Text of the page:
South China sea dispute shaping up as coast guard showdown.

Author:Parsons, Dan
 
FREE EXCERPT

Prior to World War II, the Japanese navy seized hundreds of Pacific islands in an expansionist land grab that was brutally rolled back by the United States.

Wary of sparking a similar conflagration, China has begun to lean on its civilian maritime law enforcement agencies to more gently press its influence on areas of the South China Sea and other regions.

China's reliance on law-enforcement instead of military assets to assert its regional dominance has created a conundrum for the U.S. Navy, which risks sparking an international incident by using warships to check China's westward advance.

The situation calls for increased U.S. Coast Guard presence in the western Pacific, said Capt. David Adams, commander of the Navy's 7th Fleet.

"We have no white hulls in the Pacific, hardly," Adams said. "We are going to have to fund the Coast Guard, not to do their conventional missions, but to come and help with the white-hull problem out in the Pacific."

Aircraft carriers and other symbols of U.S. naval might that are popular with Defense Department war planners are not effective against China's soft-power expansionism, Adams said. While Navy officials are preparing for a high-end anti-access, area-denial style conflict, China is pursuing a hybrid approach to war that includes legal, economic, high-tech, cyber and other veiled offensive maneuvers that are unlikely to provoke a high-scale war, he said.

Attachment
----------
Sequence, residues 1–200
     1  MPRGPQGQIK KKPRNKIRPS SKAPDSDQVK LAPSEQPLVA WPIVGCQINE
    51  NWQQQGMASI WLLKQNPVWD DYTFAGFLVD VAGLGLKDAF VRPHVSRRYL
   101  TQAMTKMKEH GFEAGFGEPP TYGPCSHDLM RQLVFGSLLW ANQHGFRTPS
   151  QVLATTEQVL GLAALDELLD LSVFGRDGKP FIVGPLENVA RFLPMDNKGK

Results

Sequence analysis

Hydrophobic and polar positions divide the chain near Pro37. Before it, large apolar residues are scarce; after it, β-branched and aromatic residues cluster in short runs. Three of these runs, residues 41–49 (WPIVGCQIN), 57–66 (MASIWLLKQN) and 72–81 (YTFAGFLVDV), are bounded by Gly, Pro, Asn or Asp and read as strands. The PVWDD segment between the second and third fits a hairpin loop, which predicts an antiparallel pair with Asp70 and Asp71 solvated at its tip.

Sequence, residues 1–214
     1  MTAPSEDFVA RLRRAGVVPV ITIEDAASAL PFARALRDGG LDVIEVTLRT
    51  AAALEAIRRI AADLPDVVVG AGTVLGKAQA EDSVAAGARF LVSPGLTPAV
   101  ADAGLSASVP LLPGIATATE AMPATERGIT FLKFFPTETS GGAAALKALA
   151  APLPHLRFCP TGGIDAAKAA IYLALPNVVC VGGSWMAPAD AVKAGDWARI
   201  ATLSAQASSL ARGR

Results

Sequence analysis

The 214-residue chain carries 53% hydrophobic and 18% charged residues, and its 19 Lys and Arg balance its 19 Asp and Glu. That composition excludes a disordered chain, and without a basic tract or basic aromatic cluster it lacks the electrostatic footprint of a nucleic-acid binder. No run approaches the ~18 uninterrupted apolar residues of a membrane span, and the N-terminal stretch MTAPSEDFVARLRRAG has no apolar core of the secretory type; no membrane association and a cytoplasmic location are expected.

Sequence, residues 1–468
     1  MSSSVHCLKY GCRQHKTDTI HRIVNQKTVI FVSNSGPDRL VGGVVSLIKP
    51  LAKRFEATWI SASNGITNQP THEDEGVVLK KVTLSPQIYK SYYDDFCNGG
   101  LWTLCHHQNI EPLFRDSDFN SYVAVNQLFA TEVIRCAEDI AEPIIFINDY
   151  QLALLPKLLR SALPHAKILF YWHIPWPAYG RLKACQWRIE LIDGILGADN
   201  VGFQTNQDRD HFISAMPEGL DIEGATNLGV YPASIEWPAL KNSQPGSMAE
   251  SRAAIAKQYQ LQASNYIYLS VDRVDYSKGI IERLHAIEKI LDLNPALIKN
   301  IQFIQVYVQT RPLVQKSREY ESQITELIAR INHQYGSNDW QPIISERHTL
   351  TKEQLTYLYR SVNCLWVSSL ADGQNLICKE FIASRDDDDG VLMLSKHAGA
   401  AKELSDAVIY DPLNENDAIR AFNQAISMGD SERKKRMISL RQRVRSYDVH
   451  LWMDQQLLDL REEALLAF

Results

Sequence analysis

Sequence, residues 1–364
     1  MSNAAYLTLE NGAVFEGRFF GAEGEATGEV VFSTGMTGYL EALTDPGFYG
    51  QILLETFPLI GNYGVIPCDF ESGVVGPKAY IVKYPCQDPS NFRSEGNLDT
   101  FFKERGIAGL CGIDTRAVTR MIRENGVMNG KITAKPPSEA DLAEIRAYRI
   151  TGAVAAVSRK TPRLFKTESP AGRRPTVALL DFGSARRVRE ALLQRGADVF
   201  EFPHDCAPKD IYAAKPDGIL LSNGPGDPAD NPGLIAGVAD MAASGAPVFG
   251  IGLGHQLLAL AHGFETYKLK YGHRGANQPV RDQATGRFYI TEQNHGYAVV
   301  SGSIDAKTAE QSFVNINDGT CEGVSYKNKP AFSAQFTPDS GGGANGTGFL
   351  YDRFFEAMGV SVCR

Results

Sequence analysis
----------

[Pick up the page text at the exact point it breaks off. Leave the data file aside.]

"Navy culture is one that envisions itself primarily conducting sweeping fleet actions across the Pacific," Adams said. "That is not the war we are going to fight. ... And we have to be cautious that selling the United States Navy on that concept is akin to selling drinks to an alcoholic. Somebody is going to have to pay the tab."

Unlike the Navy, the Coast Guard has law enforcement authorities within the U.S. economic zone, which is why its personnel are often deployed on Navy ships.

Unfortunately for the Navy, the Coast Guard's oceangoing fleet is not up to the task of performing its mandated duties in the Western Hemisphere and sending more ships out into the Pacific, Commandant of the Coast Guard Adm. Robert Papp said.

"We don't have a lot more white hulls to push out into the Pacific," he said. "What we do have is Coast Guard expertise to work with our partners in the Pacific. Our first and most important partner is the United States Navy."

China recently created its own coast guard that was based so closely on its U.S. counterpart, its ships' newly...

To continue reading

FREE SIGN UP